Monday, October 17, 2016 10:00 pm
Each side needs other in constitutional debate
Conservatives value the Constitution as the sociopolitical bedrock of our nation and society, largely unchanged and unchanging. Liberals see it as living, breathing document, the meaning of which changes with circumstances and the needs of the times.
There is some truth on both sides of the argument. But both sides are wrong in making an ideological "either-or" out of a logical "both-and." They are also wrong in using them as self-righteous or politically correct weapons against those who oppose them on reasonable or historical grounds.
Despite the heated and often sophomoric arguments, serious students prize and need both. Common sense tells them that the tried and true experiences of the past are a more secure foundation for life and breath than the shifting sands of current hypothesis and modernized ideology. Common sense seeks guidelines for meeting present needs while preserving continuity with the past that defines us.
The problem is not in the documents or in human reason, but in the personal stubbornness and ideological limitations of those who want their own way no matter what.
They may claim that the Constitution, the Bible, or the American way are important to them. But their behavior suggests that getting their own way is the point of their policies and tactics and that historical relics are little more than convenient props in their narcissistic campaigns.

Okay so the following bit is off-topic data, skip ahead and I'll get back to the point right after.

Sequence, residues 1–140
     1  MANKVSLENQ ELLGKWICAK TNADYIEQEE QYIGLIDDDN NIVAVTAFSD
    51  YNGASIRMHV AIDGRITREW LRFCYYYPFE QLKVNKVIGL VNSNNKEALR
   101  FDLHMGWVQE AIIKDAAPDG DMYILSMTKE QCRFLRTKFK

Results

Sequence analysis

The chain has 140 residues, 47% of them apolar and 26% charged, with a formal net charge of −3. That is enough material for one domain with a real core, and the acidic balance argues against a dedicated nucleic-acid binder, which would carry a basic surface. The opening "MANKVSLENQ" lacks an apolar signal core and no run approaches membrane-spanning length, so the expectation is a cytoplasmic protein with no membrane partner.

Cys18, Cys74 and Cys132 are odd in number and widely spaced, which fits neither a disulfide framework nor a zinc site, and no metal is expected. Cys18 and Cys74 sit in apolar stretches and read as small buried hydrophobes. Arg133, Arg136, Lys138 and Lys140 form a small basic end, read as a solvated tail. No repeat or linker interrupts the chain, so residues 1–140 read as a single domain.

One day that point will run us all through unless we learn to engage one another honestly and openly on the actual issues in dispute, without obscuring them with partisan rhetoric, and with irrelevant issues that are above the fray or, at least, beside the point.
New to-do item
Note to self: Tomorrow speak with the squirrels about Councilman Jason Arp wanting to bring guns into their living quarters.
Chamber to aid students with postsecondary plans
With so much uncertainty plaguing our country, it’s a welcome relief when everyone in Indiana can play a role in an important initiative. That initiative is critical – including making sure our young people are ready for college or a career.
The effort to provide promising futures for all received a major boost with the Sept. 30 announcement of an up to $30 million Comprehensive Counseling Initiative from the Lilly Endowment. The Indiana Chamber, through the work of its foundation, is proud to partner with other organizations in assisting educators and engaging employers in this critical work.
The Indiana Chamber Foundation has supported a series of studies over the past three years to identify best practices and counseling models. This new initiative will make financial resources available to help schools best meet the needs of their students.
Employers have a crucial role to play. The Indiana Chamber, with 24,000 members and investors, is in the best position to build upon the educator-employer connections that have begun to occur with more frequency in our state.
Our organization’s Indiana Vision 2025 plan calls for at least 90 percent of Indiana students who graduate from high school to be ready for college and/or career training. With the endowment’s Comprehensive Counseling Initiative, talented and dedicated education professionals in place and employers prepared to play an active role in meeting future workforce needs, we are ready to work toward that goal and beyond.
Learn more about Indiana Chamber Foundation research at www.readyindiana.org and the endowment initiative at www.lillyendowment.org/ed_ci.html.
Indiana Chamber of Commerce Foundation
The deadline to submit letters related to the Nov. 8 general election is noon, Oct. 31.